Consider a large-scale project’s planning stage. Hundreds of distinct actions must be completed by multiple separate organisations or firms in order for the project to be completed successfully. We’d like to finish the project as quickly as possible. This could be accomplished if all of the activities were finished at the same time. However, it is frequently impossible to commence one action before the completion of another. Buildings, for example, cannot be constructed until the forest cover over the Penny Bay area (where Disneyland is located) has been cleared. As a result, we’ll break down a project into a series of clearly defined activities. In addition, we need know how long each action is expected to take.
The following are some of the questions that the CPM/PERT analysis can answer. (a) When do you think we’ll be able to finish the entire project? (a) When it comes to an activity, when can we start doing it? (c) What are the bottleneck activities? These are actions that will cause the entire project to be delayed if they are not completed on time. (d) What is the latest time we can start an activity without causing the project to be delayed? For example, hiring and training a group of individuals to dress up as stuffed animals and dance on the street will take six months; Disneyland will open in December 2005. As a result, we won’t need to start hiring and training until the summer of 2005.
Graphical modeling of Project Activities
Each activity is conveniently represented as an edge in traditional CPM/PERT graph modelling. The length of time it takes to construct the edge is indicated by its weight. Each node represents a milestone, which is the point in time when a specific activity is finished or initiated. The edges are directed, with the head of the edge colliding with the node that represents the activity’s completion milestone.
A precedence connection is imposed by the constraint that one activity cannot begin before another has been completed. As a result, the arrows in our graph will show the order in which the tasks can be done (equally: the paths indicate the sequence in which milestones can be achieved).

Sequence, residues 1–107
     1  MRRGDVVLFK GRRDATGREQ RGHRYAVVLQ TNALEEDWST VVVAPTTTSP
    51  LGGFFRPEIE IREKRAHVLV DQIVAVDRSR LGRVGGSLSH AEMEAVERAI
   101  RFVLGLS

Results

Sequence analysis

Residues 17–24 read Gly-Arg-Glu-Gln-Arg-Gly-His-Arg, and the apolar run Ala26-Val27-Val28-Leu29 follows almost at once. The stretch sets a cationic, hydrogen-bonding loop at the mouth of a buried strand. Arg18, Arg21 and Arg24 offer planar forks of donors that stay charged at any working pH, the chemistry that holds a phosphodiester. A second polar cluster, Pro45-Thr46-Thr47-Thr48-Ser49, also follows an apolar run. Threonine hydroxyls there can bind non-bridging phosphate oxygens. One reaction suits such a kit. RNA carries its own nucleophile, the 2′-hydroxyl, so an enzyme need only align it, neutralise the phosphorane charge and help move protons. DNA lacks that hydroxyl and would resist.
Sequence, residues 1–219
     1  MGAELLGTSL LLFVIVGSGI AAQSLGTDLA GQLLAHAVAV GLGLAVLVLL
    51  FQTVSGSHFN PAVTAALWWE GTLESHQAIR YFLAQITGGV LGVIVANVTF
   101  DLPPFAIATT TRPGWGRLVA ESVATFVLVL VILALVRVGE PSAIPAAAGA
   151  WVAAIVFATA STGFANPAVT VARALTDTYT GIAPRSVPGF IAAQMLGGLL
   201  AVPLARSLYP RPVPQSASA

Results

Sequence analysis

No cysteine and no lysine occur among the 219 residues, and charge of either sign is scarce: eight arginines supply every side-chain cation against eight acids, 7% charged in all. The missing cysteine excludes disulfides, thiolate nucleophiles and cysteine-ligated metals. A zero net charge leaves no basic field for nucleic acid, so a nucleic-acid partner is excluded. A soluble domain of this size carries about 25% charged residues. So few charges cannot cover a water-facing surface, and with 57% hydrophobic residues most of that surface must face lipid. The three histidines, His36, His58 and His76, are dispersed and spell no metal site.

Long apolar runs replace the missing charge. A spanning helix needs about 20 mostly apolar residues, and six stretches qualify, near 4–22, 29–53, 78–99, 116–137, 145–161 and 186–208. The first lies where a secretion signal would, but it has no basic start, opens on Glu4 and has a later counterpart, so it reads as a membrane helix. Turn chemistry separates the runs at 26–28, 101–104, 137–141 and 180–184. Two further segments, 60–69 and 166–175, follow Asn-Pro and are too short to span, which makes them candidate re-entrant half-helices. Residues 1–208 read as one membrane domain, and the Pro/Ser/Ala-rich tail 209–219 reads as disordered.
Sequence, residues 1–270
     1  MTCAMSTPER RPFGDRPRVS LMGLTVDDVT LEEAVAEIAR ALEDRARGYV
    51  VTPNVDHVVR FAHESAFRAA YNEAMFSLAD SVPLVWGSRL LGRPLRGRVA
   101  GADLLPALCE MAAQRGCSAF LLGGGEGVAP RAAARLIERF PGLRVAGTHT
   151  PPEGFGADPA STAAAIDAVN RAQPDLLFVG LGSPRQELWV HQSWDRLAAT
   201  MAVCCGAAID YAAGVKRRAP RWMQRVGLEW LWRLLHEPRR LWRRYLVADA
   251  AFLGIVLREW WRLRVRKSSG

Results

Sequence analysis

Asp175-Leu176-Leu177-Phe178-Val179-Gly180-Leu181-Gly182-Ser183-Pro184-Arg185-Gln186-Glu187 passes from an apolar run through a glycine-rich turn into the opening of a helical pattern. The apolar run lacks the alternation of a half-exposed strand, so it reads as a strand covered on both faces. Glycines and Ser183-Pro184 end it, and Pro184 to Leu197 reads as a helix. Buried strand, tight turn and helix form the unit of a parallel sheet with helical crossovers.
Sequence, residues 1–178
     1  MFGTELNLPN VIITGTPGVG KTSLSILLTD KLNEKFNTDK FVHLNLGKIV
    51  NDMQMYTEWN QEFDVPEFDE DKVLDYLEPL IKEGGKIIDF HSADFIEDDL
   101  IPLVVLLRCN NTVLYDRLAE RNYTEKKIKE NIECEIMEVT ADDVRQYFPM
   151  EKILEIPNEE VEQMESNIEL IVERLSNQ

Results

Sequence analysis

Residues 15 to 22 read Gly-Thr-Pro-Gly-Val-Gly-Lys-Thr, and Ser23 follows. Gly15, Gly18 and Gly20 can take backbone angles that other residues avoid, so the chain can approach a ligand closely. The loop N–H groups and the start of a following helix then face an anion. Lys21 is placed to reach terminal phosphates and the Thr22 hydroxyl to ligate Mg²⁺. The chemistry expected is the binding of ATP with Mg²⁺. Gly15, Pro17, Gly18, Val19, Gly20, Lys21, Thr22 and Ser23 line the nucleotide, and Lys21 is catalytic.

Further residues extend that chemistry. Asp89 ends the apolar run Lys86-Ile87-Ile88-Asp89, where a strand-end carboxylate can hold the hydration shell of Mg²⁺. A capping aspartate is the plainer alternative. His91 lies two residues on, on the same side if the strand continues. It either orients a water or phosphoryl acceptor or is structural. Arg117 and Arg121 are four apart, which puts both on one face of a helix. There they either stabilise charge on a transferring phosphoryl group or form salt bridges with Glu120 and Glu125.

The graph also depicts the milestones’ order of precedence. If activity u must be finished before moving on to activity v, an arrow from the milestone (complete u) to the milestone (complete v) is used to highlight this (begin v). However, there may be no real activity between these two events, in which case this edge will have a weight of 0; such edges are referred to as dummy edges because they just indicate a precedence rather than actual activity.
To represent a project using a PERT network correctly, we must first list all precedence relationships. It is sufficient to identify each activity’s direct predecessors.
Once we have the project plan data in a format like the one above, we can use the following way to express it as a directed graph.
(i) Create a node, s, to symbolise the project’s start. (ii) Create an edge incident from s for each activity that has no direct precursor. (iii) Other activities are added to extend the graph based on the list of immediate predecessors; where there are two activities with some of their direct predecessors being the same but others not, a dummy activity is introduced to indicate the precedence restriction.
(iv) Finally, all activities that do not have a successor are linked to a common node that represents the project’s completion.
The graph for our hydropower plant project is now being built. The activity names in lower case letters are used to denote the edges in the graph. Each node symbolises the conclusion of the activity or activities illustrated by the edges incident to it, as well as the moment in time at which we might begin any action whose corresponding edge is incident from this node. The duration of the activity it depicts is represented by the weight of the edge. The dashed lines are the dummy edges, which have no name and are weighted at zero. The precedence restrictions are depicted using them.